• Proposition 204 (from 2000) which extended Medicaid eligibility to 100% of federal poverty

The next set of Voter Initiatives (if any qualify for the ballot given the new restrictions and requirements) will be on the ballot in November of 2020- and the deadline for filing the required signatures is July 2, 2020.  Because it takes a long time to get the required signatures (and because of the new restrictions) folks that want to run voter initiatives need to start collecting signatures pretty soon.

Several entities have filed to notice their intent to get on the ballot so far (here’s that list on the Secretary of State’s website) but the only one that looks legit so far is one called the “Voters' Right to Know Amendment”.  Terry Goddard is the Applicant and Chair for that one.  Here’s a link to the voter initiative language and here’s the summary from the site:

Under this Amendment, it will no longer be possible to hide from public view the true sources of campaign spending. Anyone spending more than $20,000 on a statewide campaign or $10,000 on a local campaign must disclose contributions of $5,000 or more used to fund campaign expenditures. Major contributions must be tracked to their original sources. Violators are subject to fines. 

Because elections can have a profound impact on public health policies- we’ll be diving into the details of this Initiative to determine whether and how to support this effort.  More on that in a future update.

No doubt additional Initiatives that will have an impact on public health policy will be filed soon (including one that will legalize the retail sale of Cannabis).  We’ll continue to watch for those and will dive into the details after they’re released – probably in next week’s Policy Update.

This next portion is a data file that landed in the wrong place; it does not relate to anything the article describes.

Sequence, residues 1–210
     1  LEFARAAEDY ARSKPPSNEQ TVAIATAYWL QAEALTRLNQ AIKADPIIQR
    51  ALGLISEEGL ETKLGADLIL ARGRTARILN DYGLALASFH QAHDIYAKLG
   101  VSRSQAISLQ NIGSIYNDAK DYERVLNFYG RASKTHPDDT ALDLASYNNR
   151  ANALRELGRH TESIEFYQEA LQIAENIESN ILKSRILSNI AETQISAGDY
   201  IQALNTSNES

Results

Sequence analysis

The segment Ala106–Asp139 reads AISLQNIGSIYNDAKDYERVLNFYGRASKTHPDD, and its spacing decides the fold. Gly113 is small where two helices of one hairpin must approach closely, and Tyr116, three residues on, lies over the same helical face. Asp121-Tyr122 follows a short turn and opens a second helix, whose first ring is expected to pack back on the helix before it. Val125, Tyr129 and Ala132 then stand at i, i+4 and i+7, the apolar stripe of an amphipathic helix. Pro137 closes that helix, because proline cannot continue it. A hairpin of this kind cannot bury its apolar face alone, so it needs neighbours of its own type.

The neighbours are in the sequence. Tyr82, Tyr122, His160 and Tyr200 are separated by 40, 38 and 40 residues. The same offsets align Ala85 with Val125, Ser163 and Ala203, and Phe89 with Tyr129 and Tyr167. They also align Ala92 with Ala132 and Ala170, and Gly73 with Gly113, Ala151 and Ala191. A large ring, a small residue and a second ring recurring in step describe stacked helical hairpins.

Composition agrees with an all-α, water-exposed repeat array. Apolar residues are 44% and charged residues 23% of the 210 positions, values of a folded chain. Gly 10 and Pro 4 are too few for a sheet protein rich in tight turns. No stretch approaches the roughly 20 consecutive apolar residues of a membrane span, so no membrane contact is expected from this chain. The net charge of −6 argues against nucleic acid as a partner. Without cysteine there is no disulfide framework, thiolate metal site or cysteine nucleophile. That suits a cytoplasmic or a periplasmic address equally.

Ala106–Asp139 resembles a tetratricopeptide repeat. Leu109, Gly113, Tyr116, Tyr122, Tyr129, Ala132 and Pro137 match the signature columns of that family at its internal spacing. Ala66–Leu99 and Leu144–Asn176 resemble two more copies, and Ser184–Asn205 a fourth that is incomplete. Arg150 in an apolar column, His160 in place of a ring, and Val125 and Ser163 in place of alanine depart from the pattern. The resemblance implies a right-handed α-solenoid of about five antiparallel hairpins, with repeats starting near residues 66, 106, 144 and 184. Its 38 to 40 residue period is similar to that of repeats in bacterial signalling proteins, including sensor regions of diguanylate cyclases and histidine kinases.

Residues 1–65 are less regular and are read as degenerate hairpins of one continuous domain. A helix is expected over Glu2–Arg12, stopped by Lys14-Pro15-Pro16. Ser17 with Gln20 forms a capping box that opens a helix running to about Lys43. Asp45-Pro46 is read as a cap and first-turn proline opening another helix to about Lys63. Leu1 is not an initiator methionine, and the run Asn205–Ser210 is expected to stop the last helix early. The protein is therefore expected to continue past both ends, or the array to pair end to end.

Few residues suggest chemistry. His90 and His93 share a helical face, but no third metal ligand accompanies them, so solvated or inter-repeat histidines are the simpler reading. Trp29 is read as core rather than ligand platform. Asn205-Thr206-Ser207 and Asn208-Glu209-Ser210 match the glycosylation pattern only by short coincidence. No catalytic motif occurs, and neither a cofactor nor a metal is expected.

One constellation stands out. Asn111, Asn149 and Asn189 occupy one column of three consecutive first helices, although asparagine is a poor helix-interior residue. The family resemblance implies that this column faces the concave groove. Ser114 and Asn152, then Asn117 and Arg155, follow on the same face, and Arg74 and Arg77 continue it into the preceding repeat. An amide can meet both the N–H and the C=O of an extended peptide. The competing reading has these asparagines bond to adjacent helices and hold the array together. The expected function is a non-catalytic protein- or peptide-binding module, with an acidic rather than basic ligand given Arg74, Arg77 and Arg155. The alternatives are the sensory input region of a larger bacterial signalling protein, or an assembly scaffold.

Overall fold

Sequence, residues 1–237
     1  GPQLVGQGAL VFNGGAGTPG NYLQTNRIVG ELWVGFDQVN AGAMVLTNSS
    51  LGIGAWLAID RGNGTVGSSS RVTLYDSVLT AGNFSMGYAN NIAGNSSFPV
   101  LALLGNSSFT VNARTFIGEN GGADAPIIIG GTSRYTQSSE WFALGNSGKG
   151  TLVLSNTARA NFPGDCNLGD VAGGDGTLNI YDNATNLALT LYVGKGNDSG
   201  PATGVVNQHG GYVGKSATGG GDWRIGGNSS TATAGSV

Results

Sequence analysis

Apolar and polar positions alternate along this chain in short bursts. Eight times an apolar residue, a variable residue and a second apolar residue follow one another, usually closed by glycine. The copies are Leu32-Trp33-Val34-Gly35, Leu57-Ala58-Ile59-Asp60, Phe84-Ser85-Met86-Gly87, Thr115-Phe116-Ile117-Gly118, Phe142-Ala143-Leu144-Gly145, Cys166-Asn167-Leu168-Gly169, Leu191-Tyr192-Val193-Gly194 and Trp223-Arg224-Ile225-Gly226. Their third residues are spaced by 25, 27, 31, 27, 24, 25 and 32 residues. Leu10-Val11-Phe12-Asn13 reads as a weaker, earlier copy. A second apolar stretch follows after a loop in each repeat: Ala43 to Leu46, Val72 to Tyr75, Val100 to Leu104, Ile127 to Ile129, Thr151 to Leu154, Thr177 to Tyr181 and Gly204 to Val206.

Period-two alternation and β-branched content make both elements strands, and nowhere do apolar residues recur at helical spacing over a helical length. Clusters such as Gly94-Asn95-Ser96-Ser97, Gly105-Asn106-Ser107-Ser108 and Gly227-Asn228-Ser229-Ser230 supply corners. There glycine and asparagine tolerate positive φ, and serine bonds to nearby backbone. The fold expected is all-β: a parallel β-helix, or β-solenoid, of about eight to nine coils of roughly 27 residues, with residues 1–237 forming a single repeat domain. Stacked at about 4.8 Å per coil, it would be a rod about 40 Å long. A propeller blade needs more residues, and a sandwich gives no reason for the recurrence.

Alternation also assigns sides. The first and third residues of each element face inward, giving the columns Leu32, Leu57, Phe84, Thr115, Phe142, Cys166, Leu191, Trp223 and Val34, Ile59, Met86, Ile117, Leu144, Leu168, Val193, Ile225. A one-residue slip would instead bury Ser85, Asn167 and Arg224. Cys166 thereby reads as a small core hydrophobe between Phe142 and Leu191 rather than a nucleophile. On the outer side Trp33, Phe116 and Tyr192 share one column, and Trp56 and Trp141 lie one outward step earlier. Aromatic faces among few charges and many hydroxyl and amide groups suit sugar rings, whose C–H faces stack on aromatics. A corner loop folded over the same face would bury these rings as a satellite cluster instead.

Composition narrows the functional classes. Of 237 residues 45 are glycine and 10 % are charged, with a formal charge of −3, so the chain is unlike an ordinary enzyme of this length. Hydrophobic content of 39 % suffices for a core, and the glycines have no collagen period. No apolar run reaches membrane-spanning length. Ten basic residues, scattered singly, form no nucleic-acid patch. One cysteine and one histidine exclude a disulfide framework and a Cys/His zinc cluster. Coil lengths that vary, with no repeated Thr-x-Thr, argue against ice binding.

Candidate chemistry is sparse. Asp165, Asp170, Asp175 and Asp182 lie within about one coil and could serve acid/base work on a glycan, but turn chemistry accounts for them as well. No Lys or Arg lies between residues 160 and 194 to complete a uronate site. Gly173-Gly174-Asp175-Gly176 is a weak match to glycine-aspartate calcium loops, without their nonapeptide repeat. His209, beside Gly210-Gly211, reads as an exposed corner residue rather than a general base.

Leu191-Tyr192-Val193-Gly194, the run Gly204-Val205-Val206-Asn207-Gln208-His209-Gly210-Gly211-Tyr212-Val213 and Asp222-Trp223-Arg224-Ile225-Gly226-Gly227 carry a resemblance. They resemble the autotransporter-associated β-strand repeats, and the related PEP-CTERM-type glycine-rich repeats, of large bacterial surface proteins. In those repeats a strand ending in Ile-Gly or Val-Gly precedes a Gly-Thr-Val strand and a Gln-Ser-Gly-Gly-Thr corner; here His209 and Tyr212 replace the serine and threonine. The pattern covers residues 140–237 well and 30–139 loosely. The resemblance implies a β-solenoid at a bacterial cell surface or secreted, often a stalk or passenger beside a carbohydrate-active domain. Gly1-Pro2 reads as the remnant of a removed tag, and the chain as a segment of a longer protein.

Federal Budget Deal Reached

Here’s the Public Health Impact

The US House and Senate passed the “Bipartisan Budget Act of 2019” this week.  The president is expected to sign this bill into law soon.  Here’s what the budget bill will do:

  • Discretionary Spending: Increases the allocation for non-defense discretionary spending to $621.5 billion for FY20, which is an increase of $24.5 billion from FY19 non-defense discretionary caps. It also provides $626.5 billion for FY21, which is a $5 billion increase from FY20.

  • Census: Provides $2.5 billion for the 2020 Census.

  • Offsets: This legislation includes $77 billion in offsets achieved through increased fees and extending the sequestration cuts for non-exempt mandatory programs such as the Prevention and Public Health Fund through FY29. In other words- the Prevention and Public Health Fund won’t be cut this fiscal year – but the budget agreement contemplates cutting the fund in future years.

In Arizona the Prevention and Public Health Fund investments include immunizations, smoking cessation, diabetes prevention, opioid treatment, and more.  Here’s a report we wrote that summarizes what the Fund does here in Arizona.

Upcoming Events Calendar

It’s been awhile since I mentioned out Upcoming Events public health calendar.  Our website at http://www.azpha.org/upcoming-events contains a listing of upcoming webinars and meetings that might be of interest to our members- so make sure to bookmark it and visit the site from time to time. 

Also, let me know when you see something interesting that’s coming up at willhumble@azpha.org and I’ll add it to the calendar.

AzPHA Urges No Vote On Phoenix Proposition 105

A light rail extension on Central Avenue in South Phoenix will have a long-lasting, positive impact on community health in South Phoenix.  That’s not just an opinion, that comes from a scientific and detailed 2015 Health Impact Assessment by the Maricopa County Department of Public Health and the Arizona Alliance for Livable Communities.

The South Central Neighborhoods Transit Health Impact Assessment concludes that a thoughtfully planned transportation plan that includes a light rail extension in South Phoenix will result in positive long-term health outcomes for residents, including lowering rates of chronic disease, improving pregnancy outcomes, and reducing violent deaths.

The City of Phoenix’s current transportation plan has been developed over a decade and approved by voters 3 times.  The public has been heavily engaged in this planning effort which has included more than 500 public meetings held to gather input.